Modulation of the gating of ClC-1 by S-(-) 2-(4-chlorophenoxy)propionic acid

E. C. Aromataris, D. St J. Astill, G. Y. Rychkov, S. H. Bryant, A. H. Bretag, M. L. Roberts

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37 Citations (Scopus)


1. Using whole-cell patch-clamping and Sf-9 cells expressing the rat skeletal muscle chloride channel, rClC-1, the cellular mechanism responsible for the myotonic side effects of clofibrate derivatives was examined. 2. RS-(±) 2-(4-chlorophenoxy)propionic acid (RS-(±) CPP) and its S-(-) enantiomer produced pronounced effects on ClC-1 gating. Both compounds caused the channels to deactivate more rapidly at hyperpolarizing potentials, which showed as a decrease in the time constants of both the fast and slow deactivating components of the whole cell currents. Both compounds also produced a concentration-dependent shift in the voltage dependence of channel apparent open probability to more depolarizing potentials, with an EC50 of 0.79 and 0.21 mM for the racemate and S-(-) enantiomer respectively. R-(+) CPP at similar concentrations had no effect on gating. RS-(±) CPP did not block the passage of Cl- through the pore of rClC-1. 3. ClC-1 is gated by Cl- binding to a site within an access channel and S-(-) CPP alters gating of the channel by decreasing the affinity of this binding site for Cl-. Comparison of the EC50 for RS-(±) CPP and S-(-) CPP indicates that R-(+) CPP can compete with the S-(-) enantiomer for the site but that it is without biological activity. 4. RS-(±) CPP produced the same effect on rClC-1 gating when added to the interior of the cell and in the extracellular solution. 5. S-(-) CPP modulates the gating of ClC-1 to decrease the membrane Cl- conductance (G(Cl)), which would account for the myotonic side effects of clofibrate and its derivatives.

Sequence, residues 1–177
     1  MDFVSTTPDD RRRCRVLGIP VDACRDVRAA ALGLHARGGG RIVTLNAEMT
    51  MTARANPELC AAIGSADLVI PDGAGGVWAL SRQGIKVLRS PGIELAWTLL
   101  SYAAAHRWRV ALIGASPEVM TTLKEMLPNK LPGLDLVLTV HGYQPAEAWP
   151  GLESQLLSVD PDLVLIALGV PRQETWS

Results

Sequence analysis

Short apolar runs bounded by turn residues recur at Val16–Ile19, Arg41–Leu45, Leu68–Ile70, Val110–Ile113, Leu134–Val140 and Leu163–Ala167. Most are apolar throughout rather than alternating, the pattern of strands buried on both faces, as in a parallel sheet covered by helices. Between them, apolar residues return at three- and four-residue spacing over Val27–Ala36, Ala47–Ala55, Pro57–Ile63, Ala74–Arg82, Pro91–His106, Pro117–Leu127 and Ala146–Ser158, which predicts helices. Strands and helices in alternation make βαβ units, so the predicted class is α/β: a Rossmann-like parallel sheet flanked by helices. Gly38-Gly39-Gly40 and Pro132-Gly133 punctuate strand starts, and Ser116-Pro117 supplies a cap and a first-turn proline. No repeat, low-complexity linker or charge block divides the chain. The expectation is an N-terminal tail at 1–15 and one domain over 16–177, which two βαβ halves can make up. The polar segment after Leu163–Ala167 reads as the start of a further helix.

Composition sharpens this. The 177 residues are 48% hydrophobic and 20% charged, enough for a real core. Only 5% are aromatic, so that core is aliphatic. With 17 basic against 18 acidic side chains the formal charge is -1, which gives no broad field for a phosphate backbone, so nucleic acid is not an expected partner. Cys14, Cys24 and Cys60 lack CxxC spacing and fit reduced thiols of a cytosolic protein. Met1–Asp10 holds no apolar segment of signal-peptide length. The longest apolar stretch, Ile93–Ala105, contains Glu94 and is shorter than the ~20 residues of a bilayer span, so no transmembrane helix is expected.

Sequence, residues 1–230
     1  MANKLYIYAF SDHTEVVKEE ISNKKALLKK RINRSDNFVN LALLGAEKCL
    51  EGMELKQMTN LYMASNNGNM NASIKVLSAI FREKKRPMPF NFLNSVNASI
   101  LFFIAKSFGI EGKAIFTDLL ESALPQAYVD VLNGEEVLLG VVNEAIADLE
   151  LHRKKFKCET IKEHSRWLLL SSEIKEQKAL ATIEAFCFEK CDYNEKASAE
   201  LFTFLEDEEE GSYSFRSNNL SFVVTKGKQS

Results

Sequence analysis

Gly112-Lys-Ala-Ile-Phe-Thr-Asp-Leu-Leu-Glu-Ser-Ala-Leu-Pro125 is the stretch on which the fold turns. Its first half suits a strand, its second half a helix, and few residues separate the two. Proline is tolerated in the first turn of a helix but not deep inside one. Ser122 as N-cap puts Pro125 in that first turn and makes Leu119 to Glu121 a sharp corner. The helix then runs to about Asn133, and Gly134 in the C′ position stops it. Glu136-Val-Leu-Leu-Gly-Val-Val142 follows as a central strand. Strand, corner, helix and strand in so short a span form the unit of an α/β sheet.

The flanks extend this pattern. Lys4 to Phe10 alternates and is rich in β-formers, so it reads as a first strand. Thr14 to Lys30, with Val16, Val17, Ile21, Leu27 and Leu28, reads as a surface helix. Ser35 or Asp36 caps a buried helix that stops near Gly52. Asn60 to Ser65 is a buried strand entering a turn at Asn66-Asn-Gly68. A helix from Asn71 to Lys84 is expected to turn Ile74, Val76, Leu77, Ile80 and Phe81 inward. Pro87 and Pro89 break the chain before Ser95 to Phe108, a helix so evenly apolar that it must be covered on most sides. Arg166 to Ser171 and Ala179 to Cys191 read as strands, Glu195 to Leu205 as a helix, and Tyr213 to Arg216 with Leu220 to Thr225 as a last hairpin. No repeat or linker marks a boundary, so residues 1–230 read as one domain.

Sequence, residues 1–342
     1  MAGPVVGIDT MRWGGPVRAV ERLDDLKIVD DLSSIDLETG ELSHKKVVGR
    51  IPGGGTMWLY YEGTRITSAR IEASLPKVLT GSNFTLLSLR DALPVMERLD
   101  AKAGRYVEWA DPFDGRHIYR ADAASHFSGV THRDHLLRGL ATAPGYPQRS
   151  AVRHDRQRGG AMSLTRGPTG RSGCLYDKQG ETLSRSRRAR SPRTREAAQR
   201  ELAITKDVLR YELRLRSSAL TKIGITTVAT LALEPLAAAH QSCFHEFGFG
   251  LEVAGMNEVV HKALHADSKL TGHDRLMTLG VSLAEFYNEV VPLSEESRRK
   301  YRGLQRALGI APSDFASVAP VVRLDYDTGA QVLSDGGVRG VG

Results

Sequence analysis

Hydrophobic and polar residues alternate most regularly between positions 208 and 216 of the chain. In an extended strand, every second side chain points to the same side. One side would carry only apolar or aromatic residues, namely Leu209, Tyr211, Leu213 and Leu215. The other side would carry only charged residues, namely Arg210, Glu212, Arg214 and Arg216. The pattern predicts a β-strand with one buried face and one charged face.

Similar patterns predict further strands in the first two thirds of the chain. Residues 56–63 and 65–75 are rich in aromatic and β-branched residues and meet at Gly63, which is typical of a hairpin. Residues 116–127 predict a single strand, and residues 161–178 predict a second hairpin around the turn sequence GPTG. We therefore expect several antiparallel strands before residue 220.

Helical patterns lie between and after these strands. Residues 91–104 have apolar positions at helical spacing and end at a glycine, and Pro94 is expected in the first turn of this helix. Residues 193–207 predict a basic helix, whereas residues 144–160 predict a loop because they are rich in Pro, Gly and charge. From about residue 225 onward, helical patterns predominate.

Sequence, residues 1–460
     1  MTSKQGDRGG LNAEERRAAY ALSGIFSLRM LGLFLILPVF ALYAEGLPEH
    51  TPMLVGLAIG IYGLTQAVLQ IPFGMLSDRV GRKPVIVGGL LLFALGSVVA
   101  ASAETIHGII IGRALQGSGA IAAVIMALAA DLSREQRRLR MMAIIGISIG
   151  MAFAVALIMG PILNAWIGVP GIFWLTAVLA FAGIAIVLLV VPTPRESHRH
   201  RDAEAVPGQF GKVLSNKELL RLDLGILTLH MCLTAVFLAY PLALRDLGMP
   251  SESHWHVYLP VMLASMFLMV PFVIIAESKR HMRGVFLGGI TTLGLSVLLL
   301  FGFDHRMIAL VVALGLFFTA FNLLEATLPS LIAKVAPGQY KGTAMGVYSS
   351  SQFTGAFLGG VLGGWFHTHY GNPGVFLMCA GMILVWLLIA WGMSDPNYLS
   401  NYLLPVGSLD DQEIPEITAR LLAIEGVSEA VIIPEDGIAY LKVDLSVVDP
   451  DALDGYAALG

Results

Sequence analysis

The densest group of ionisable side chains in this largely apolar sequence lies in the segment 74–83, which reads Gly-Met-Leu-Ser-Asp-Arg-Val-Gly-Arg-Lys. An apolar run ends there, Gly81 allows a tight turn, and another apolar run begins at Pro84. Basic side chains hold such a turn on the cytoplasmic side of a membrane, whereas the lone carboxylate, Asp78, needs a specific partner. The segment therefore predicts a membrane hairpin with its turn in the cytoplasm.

Original languageEnglish
Pages (from-to)1375-1382
Number of pages8
JournalBritish Journal of Pharmacology
Issue number6
Publication statusPublished or Issued - 1999
Externally publishedYes


  • 2-(4-Chlorophenoxy)propionic acid
  • Chloride channels
  • ClC-1
  • Myotonia
  • Skeletal muscle
  • Whole-cell patch-clamp

ASJC Scopus subject areas

  • Pharmacology

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